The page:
DNA Testing Clears Man who Served 28 Years
Donald Eugene Gates stands outside a bus terminal while en route to Ohio Tuesday, Dec. 15, 2009 in Phoenix. Gates was released from a federal prison in Tucson, Ariz. earlier today after serving 28 years for a rape and murder that DNA evidence revealed he
The AP via YellowBrix
December 16, 2009
Assistant U.S. Attorney Joan Draper said she was unaware of the problems with Malone’s testimony until the defense filed its motion this month seeking to have Gates’ conviction thrown out.
Based on Malone’s report, prosecutors had claimed hairs taken from Gates and hairs found on the victim were “microscopically indistinguishable.”
Even leaving aside the allegations against Malone, the technique he relied on _ microscopic hair analysis _ has been discredited, Levick said. She cited a 2009 report by the National Research Council of the National Academy of Sciences that said there was “no scientific support” for using hair comparisons for identification.
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Barry Scheck, co-director of the Innocence Project, said judges, as well as prosecutors, need to be informed when crime lab analyses are called into question.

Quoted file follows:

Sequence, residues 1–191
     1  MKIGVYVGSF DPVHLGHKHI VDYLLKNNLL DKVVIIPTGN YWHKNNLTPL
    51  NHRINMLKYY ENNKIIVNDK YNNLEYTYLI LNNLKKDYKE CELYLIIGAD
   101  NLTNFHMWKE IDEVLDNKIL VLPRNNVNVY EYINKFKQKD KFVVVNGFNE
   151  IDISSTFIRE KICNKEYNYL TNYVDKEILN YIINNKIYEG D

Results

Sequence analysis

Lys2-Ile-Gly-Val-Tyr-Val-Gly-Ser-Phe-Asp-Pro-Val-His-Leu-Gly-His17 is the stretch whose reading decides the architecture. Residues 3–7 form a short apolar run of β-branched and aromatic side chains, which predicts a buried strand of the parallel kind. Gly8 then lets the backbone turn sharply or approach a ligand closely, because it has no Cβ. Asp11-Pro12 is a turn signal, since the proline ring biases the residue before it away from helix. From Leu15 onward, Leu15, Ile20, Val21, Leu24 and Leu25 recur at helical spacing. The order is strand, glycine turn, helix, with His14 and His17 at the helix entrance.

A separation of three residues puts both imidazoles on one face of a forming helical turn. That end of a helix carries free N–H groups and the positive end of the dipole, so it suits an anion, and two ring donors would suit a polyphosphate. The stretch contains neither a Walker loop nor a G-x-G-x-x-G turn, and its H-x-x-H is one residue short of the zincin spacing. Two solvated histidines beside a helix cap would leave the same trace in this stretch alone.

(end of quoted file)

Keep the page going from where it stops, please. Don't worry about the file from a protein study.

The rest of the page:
“The important part of all these exoneration cases is to learn lessons from them,” he said.
Gates asked for and got DNA testing in 1988. However, the DNA sample available at the time was insufficient to draw any conclusions with the technology then available.
Gates’ lawyers arranged for a University of Arizona law professor to meet him Tuesday and take him to the bus station after his release. Gates, who is from Akron, Ohio, said he planned to reunite with family in his home state.
If the judge exonerates Gates as expected, he will likely be entitled to compensation for the time spent in prison. As a former federal prisoner, he may be entitled to compensation under federal law, which provides $50,000 per year of incarceration. The District of Columbia has its own compensation statute, which leaves the amount up to the court.
Gates said he prayed for his release and never doubted it would come.
“My faith in God is very strong,” he said.
The one-time construction worker said he had no immediate plans.
“It’s all coming at me so fast,” he said. “I gotta think on it.”
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